March 23, 2009

Telegram Story

Well I read the story about how 3 councilors have already pledged for the lowest residential tax rate----click here. I am myself am for a single tax rate for residential and commercial properties. Some may say, I am for it because I will save money, Truth be told I would actually save money since I pay more in residential then commercial taxes.

Putting that aside the comments need to be read. My favorite is from Gary Vecchio, a guy I only hear on the radio an read in the Telegram but have never met. He seems like a very nice guy and seems to have his heart in the right place, but I can not disagree more with his comment.

The City Manager reported that 75 new businesses opened in Worcester last year. Also, a few weeks ago the Manager's office reported that a business in West Boylston was moving to Plantation Street in Worcester and bringing 28 jobs here. This same business has plans to expand once they move to Worcester.Let's deal with facts, not fiction.


Before I disagree with his comment, let me commend Gary for stating clearly what he thinks and not being anonymous.. Again I do not agree with him, but at least I have someone to address my questions to.

  1. I would love to see the list of he 75 new businesses.
  2. Do we have to redo my list of businesses that have gone out of business in Worcester the past couple of years?
  3. One only has to look to look at the empirical evidence from the Assessor's Office that clearly depicts the dwindling commercial tax base to realize that businesses are leaving the City of Worcester.

Those are the facts and although I wish I was wrong and that surely is not fiction. If you have not looked at it yet, you should check out the Worcester Citizens for Business Website. In particular check out this link..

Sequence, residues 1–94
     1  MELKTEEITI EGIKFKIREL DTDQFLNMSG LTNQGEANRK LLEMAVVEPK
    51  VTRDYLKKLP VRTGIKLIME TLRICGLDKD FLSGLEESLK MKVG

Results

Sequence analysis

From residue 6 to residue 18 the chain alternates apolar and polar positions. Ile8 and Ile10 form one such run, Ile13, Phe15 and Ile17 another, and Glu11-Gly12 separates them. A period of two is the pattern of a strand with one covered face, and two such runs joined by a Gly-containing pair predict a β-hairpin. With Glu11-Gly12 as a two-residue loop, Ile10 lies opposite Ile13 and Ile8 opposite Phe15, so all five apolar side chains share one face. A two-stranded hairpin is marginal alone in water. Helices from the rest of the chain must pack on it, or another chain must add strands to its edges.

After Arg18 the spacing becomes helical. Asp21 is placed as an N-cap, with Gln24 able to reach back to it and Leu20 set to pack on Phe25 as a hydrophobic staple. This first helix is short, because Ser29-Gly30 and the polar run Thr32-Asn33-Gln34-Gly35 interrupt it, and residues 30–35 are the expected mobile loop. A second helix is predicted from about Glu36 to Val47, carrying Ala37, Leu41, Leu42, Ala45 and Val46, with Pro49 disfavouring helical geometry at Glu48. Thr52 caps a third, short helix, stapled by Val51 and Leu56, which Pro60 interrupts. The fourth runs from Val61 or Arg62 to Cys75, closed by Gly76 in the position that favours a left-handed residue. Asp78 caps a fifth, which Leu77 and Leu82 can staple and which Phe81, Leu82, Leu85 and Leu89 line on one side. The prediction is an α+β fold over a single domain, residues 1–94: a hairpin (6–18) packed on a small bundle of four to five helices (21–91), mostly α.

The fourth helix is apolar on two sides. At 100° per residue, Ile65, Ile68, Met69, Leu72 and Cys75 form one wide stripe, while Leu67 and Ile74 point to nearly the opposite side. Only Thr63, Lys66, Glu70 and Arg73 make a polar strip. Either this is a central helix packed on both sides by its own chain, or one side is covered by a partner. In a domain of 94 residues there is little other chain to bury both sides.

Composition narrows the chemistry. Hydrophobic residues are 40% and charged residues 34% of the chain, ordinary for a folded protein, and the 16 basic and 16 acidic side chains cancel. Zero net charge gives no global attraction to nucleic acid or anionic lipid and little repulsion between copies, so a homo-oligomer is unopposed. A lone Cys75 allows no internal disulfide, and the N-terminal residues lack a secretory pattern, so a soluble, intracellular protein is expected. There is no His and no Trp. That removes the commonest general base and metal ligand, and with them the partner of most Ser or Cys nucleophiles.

2 comments:

signman said...

Bill

75 businesses could be anything.
As simple as an office space.

Anonymous said...

The proper use of classification is to provide smoothing between residential and commercial / industrial use, and relief (open space / farming). Period. If residential vs commercial rates fluctuate, that should reflect immediately in the classification. If there is no relative change in the values, then the gap should be closed 10% per year so that after 10 years the rates are the same.

I live in the city near boston where your election commisioner went to. My city also uses the maximum classification. Anecdotal evidence points to this being a drag on commercial (and especially industrial) use. For example, if a company owns it's own property long-term, the value of the property doesn't matter until they sell, but the property tax matters every year.

PS - Strong mayor government can be just as bad or worse than weak-mayor/city manager that you have in Worcester. Go back in time and find when your city was well run and try to figure out what was different then.

I generally like Worcester. I'd like to see more jobs there & faster highways through it.

-R